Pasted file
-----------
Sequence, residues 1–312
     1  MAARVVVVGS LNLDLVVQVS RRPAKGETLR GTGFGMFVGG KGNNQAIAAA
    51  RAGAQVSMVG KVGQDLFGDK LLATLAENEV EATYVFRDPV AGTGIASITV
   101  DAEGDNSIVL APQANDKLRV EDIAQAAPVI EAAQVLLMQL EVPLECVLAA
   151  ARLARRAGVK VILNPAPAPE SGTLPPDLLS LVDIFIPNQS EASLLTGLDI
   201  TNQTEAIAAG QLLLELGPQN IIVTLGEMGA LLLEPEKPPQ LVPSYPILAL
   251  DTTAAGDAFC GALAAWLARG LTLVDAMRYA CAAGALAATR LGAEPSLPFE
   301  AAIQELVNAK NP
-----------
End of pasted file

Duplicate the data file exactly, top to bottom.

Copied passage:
Sequence, residues 1–312
     1  MAARVVVVGS LNLDLVVQVS RRPAKGETLR GTGFGMFVGG KGNNQAIAAA
    51  RAGAQVSMVG KVGQDLFGDK LLATLAENEV EATYVFRDPV AGTGIASITV
   101  DAEGDNSIVL APQANDKLRV EDIAQAAPVI EAAQVLLMQL EVPLECVLAA
   151  ARLARRAGVK VILNPAPAPE SGTLPPDLLS LVDIFIPNQS EASLLTGLDI
   201  TNQTEAIAAG QLLLELGPQN IIVTLGEMGA LLLEPEKPPQ LVPSYPILAL
   251  DTTAAGDAFC GALAAWLARG LTLVDAMRYA CAAGALAATR LGAEPSLPFE
   301  AAIQELVNAK NP